100 Years Ago – Dec 1918, Local News

100 Years Ago December 1918
The Haddams – The Homecoming Begins

Selected from the pages of The Evening Press and lightly annotated by Sally Haase

Moodus, Dec. 1, 1918: Continental Hall, Wednesday, evening 8:30 p.m.; Official U.S. government war pictures: “America’s Answers,” a pictorial history of America’s achievement during the first year in the world’s war. Every man, woman and child should see this stirring picture.

Higganum, Dec. 4, 1918: After December 14th, Amos Bidwell will deliver the Press in Higganum. All who are in arrears for papers are requested to settle with Theodore Andeen.

The boys about town are getting many furred animals these days. Rabbits and skunks seem to predominate.

Haddam, Dec. 5, 1918: The Victory Girls will give a supper at the church parlors on Saturday.
Mrs. Cornelius Faantoff received a telegram on Tuesday informing her that William Woodruff, better known here as William Behn, had been killed in action on October 16th.

Washington, Dec.6, 1918: Plants in Connecticut will lose $55,000,000 through termination of war contracts. Secretary Baker said today that an estimated twelve billion dollars of war appropriations may be returned to the treasury. The contracts include: powder, artillery, textiles, air plane parts and rubber goods.

Higganum, Dec. 7, 1918: In the course of a few days a painter will complete the Haddam honor roll by adding the remaining names of the boys in the service. If any names are omitted they will confer a favor upon the committee if they will notify Daniel Brainerd or the Haddam war bureau.
The local chapter of the Red Cross has received a very large allotment of work on refugee garments for the destitute people in the devastated war regions.
John Knowles, of Ponsett, made a trip on runner to Higganum yesterday. This was the first sleigh to make its appearance this winter.

Killingworth, Dec. 17, 1918: Camillo Malcarne, 25 year old son of Mrs. Silveno Malcarne, died Saturday at Base Hospital, New Jersey. He had been sick for several weeks with pneumonia. His death will cause the first gold star to be put on the service flag in Killingworth.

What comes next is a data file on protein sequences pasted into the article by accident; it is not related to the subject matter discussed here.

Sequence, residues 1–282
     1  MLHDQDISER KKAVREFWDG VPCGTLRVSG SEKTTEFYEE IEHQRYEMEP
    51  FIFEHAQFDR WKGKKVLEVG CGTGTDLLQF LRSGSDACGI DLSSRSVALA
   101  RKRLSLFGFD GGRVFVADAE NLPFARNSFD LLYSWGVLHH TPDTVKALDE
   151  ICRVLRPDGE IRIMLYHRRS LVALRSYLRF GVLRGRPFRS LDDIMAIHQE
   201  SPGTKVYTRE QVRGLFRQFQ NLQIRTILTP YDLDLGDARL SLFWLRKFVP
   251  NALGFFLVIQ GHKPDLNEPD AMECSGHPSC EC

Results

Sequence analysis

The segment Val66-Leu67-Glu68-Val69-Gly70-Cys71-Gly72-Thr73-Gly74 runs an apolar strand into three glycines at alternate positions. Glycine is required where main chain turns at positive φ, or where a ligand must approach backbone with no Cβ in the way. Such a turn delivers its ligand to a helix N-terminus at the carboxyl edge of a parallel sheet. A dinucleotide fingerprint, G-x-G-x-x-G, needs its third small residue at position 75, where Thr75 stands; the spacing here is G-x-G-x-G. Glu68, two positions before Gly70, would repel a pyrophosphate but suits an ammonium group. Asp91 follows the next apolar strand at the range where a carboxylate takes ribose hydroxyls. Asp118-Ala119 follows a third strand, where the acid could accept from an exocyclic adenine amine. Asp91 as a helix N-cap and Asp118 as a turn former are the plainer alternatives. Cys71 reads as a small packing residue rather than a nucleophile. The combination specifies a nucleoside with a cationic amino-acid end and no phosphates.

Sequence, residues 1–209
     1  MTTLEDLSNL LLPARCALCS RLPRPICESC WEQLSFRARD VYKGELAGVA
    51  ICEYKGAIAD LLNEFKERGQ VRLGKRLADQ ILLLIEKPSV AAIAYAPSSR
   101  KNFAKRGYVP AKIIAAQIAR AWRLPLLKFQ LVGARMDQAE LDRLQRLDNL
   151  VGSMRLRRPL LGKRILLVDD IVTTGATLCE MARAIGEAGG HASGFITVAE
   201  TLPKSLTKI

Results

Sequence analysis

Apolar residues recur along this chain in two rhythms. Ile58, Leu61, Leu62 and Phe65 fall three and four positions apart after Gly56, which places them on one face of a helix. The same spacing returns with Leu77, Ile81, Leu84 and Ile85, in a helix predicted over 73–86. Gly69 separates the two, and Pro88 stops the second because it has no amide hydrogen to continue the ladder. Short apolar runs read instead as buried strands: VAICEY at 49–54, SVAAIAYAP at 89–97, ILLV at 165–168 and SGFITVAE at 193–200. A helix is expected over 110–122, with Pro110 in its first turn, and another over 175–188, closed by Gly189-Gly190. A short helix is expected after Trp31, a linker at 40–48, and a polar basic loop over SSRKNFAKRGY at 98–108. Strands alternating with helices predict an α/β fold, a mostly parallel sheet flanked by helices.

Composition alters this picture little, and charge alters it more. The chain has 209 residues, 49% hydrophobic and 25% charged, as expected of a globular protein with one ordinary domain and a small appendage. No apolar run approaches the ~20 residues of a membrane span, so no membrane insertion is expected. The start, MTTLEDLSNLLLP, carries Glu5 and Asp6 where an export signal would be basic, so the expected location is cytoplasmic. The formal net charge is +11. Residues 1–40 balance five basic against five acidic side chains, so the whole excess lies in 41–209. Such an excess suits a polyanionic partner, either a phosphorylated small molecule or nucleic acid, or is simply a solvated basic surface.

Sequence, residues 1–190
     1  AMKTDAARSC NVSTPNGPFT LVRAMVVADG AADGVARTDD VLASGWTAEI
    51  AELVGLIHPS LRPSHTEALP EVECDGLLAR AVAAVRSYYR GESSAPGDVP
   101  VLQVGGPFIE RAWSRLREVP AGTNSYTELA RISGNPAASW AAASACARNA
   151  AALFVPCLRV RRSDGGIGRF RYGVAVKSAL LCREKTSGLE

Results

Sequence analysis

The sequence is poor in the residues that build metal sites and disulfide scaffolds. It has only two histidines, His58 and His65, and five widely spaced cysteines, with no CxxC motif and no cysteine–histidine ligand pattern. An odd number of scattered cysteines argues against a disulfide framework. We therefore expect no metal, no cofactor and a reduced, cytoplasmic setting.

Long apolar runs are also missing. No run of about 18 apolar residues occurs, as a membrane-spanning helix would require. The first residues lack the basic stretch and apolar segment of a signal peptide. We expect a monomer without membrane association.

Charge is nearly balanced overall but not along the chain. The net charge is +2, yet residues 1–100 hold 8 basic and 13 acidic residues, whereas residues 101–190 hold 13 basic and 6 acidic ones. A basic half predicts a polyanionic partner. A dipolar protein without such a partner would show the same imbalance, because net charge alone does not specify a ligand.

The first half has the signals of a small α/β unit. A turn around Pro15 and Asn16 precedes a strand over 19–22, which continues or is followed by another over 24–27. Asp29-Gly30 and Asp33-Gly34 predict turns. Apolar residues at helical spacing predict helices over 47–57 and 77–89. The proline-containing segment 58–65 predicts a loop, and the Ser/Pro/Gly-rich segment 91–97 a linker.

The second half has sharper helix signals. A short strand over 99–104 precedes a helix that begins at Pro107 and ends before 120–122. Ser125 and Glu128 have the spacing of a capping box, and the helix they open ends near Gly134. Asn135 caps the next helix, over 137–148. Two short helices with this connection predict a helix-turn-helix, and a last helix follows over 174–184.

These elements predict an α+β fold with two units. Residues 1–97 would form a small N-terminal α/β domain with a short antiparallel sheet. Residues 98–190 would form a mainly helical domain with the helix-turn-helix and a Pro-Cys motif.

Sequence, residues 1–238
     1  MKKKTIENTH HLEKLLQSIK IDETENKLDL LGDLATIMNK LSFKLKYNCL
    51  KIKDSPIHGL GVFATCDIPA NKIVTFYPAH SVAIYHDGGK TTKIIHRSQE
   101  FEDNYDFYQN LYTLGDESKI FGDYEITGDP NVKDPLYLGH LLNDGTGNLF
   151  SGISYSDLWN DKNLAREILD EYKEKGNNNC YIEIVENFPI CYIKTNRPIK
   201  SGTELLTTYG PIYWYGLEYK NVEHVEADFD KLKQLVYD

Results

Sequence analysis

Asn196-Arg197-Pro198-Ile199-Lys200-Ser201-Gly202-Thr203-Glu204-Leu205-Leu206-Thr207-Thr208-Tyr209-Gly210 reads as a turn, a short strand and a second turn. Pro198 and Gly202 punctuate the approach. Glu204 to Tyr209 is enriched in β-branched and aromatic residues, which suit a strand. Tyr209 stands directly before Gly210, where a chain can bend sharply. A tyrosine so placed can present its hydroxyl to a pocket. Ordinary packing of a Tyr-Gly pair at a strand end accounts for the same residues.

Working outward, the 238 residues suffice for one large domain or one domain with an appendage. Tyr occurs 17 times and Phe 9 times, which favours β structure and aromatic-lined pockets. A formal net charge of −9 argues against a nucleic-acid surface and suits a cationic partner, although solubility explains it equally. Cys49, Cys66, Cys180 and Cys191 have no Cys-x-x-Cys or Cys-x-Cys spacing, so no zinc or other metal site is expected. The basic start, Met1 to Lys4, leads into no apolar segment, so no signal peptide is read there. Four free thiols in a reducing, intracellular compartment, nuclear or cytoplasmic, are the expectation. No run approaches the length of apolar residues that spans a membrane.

Higganum, Dec. 20, 1918: Sergeant William Burr , 102nd, A.E.F., was honorably discharged on Wednesday, and is the first one of our boys, who has seen active service overseas , to arrive back home to Haddam. Sergeant Burr was gassed while stringing wires, about 12 feet from a front line trench. Upon his recovery he went back to his company and was badly wounded in the left knee at the battle of Seichprey, on May 16. Seargeant Burr, after treatment at Base Hospital, was invalided home, arriving in this country on September 12th.
Lafayette Gladwin and Harry Millard, two more of our boys who have been in the service over there, received their honorable discharge and reached home Thursday.

Higganum, Dec. 20, 1918: Fancy turkeys, ducks, geese, roasting chicken and fowl are at the lowest prices in the city. Public Market, Middletown.


East Haddam, Dec. 21, 1918: Friday was the banner day for the scholars of the village school, and many of the older ones enjoyed the closing for the Christmas vacation. Each department plucked the fruit from a tree as they are grown in Santa’s orchard. Carols by the pupils were enjoyed by the guests. Refreshments came last, and were ample for all present.

Haddam, Dec.26, 1918: Major Joseph G. Kitchell, of Haddam, has been requested by the chief of staff, to remain in the army service for an indefinite period, and has just been assigned the important post of specializing upon the demobilization work at ports of embarkation and military camps to analyze conditions and devise methods where demobilization processes are conducted. [First Selectman Major Kitchell was summoned to Washington in November 1917.]

East Haddam, Dec. 27, 1918: Harry Frontel, formerly clerk for W.C. Reynolds, has opened a grocery business in the brick store and in the future will offer all up-to-date line of standard quality goods at the lowest prices. – Adv.
Robert Alexander arrived home from camp Upton, N.Y. last week, having been honorably discharged from the service.
Mrs. W.M. Gillette has been spending several days in New London, including Christmas, with her uncle and aunt, Mr. and Mrs. N.G. Stark.

Haddam, Dec. 27, 1918: There were the usual gatherings about town on Wednesday. Perhaps the largest was at G.A. Dickinson’s, where the whole family, numbering twenty, enjoyed the day together.
East Haddam, Dec. 28, 1918: Clarence Spencer has been home from the hospital the past week. He contacted pneumonia in camp and has been an inmate of the hospital for nine months.

Higganum, Dec. 28, 1918: The Christmas entertainment of the Congregational church will be held Sunday evening at 6 o’clock. The program has been prepared with great care, and the church decorations are beautiful. All are invited to be present and then see the children receive their Christmas presents.
Killingworth, Dec. 30, 1918: Mr. and Mrs. Albert Perkins entertained 15 to their Christmas dinner. They have recently heard from their son Tracy in France. He was recovering from the “flu” and pneumonia.

100 years ago, much has changed and, then again, nothing has changed.

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